Sorry for the more rubbish than usual photos - although I was at or near the front for virtually the whole set, I had five 'proper' photographers bobbing about in front of me between barrier and stage so it was vitually impossible to get clear shots most of the time - and then the smoke machine ruined most the rest of my shots. Miss Martini's ballet shoes are soon replaced with some sexier high heeled items, then after two or three songs she departs the stage to get changed... It's some time since I've seen this band, and apart from the two vocalists the entire band seems to have changed since then. More effort has been put into the musician's visual presentation now. There are also two guitarists instead of the previous one, and unlike before when DAT or computers were producing some of what we were hearing now it seems much more live.
After a while Miss Martini returns - after a remarkable transformation from broken ballerina to sultry siren. The photographers at the front go into overdrive!
The effect is certainly visually striking, but unfortunately the muddy sound mix makes the music sound like fairly generic Goth fodder. There seem to be some good musicians in the band, but the sound at this show doesn't really do them justice. There is definitely musical potential here and 'Model Song' (I think that's what it's called) stands out in particular as a possible single.
The intriguing Anna Christina has a totally different approach to how she want's her band to be perceived. Although her classical background is less obvious, it must help in the way she moves with fluid grace onstage.
With Lilygun the focus is far more on the music than the visual presentation, although there is a certain theatrical quality in Anna Christina's stage presence.
This band's lineup has seen a change since their recent Purple Turtle show, with another bass player spinning through the revolving door. Aaron John from Boy Of The Afterthought is standing in for this gig.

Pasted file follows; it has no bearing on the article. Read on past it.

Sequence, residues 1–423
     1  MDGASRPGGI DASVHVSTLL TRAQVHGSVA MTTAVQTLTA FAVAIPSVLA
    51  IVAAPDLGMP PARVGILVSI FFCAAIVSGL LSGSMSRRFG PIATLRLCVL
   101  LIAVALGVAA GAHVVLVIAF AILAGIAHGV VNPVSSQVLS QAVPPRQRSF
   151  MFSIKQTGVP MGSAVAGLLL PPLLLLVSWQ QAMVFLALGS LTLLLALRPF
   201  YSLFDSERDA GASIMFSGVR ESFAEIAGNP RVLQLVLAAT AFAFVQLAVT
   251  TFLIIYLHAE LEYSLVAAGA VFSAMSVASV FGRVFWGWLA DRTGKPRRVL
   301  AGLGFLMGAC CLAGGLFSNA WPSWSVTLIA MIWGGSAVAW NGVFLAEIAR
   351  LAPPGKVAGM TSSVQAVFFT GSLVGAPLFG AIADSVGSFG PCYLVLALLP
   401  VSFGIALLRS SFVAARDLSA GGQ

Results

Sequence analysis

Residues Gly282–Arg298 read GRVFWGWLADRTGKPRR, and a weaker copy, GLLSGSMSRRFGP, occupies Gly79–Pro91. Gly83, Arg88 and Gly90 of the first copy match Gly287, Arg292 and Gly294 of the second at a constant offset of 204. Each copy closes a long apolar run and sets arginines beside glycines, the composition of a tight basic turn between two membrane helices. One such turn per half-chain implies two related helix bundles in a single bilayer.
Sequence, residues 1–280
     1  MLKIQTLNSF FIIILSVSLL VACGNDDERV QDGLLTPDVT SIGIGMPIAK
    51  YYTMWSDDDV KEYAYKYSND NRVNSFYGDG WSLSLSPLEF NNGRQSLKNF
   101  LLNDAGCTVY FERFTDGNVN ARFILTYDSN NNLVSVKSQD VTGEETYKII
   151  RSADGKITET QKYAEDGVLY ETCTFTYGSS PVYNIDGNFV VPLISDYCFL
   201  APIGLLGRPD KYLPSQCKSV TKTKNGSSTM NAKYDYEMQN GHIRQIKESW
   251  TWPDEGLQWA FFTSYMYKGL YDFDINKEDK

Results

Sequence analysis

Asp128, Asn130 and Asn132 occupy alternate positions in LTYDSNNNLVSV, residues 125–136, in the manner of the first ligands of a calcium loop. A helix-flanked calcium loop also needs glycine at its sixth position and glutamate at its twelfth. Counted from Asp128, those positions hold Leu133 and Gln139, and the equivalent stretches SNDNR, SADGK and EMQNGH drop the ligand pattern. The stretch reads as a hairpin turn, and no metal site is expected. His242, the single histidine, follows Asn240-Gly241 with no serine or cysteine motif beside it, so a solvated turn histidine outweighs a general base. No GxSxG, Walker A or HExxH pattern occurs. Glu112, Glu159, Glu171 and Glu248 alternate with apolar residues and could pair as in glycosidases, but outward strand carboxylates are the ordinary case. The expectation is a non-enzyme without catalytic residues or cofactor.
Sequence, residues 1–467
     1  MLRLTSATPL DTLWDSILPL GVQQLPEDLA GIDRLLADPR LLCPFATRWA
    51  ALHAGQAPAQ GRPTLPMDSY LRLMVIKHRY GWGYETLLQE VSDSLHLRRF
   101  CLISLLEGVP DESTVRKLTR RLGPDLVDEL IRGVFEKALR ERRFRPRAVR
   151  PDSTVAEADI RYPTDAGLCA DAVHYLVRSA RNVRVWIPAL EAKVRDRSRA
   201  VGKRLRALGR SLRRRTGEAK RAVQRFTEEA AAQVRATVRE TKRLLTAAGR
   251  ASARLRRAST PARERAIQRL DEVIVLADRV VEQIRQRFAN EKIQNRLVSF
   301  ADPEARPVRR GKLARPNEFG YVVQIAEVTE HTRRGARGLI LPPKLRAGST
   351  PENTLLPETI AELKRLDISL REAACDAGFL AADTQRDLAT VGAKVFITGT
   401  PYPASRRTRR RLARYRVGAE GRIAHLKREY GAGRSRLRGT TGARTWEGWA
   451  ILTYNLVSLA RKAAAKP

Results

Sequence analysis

I managed to get a lot more pictures of Lilygun as there weren't a load of 'real' photographers in the way, unlike the previous band. The smoke machine remained a problem, and like with Maleficent there were some potentially good shots that were rendered useless.
Lilygun have been sounding heavier and more metalic recently since guitarist James Ford joined the ranks. This is greatly accentuated at this show as the guitar is VERY LOUD! I don't have a problem with that.
Lilygun got a noticably better sound mix than the previous act, and the clarity helped the 'light and shade' textures of the music shine through.
I certainly enjoyed the contrast between Maleficent and Lilygun in spite (or because of) their singers common backgrounds but wildly different approaches in presentation - wouldn't it be boring if all bands looked and sounded the same? Music is all about expression, and everybody has something different to express - things would be so dull otherwise. Variety is the spice of life, and there is plenty of variety just between these two bands - never mind the rest of the bill.
This is certainly the biggest and best (and loudest!) Lilygun show I have seen. I really enjoyed the much heavier sound of the band - it will be interesting to see if this will be reflected in the band's forthcoming album. After Lilygun finish their set with a dramatic flourish I head back to the pub for some more refreshment....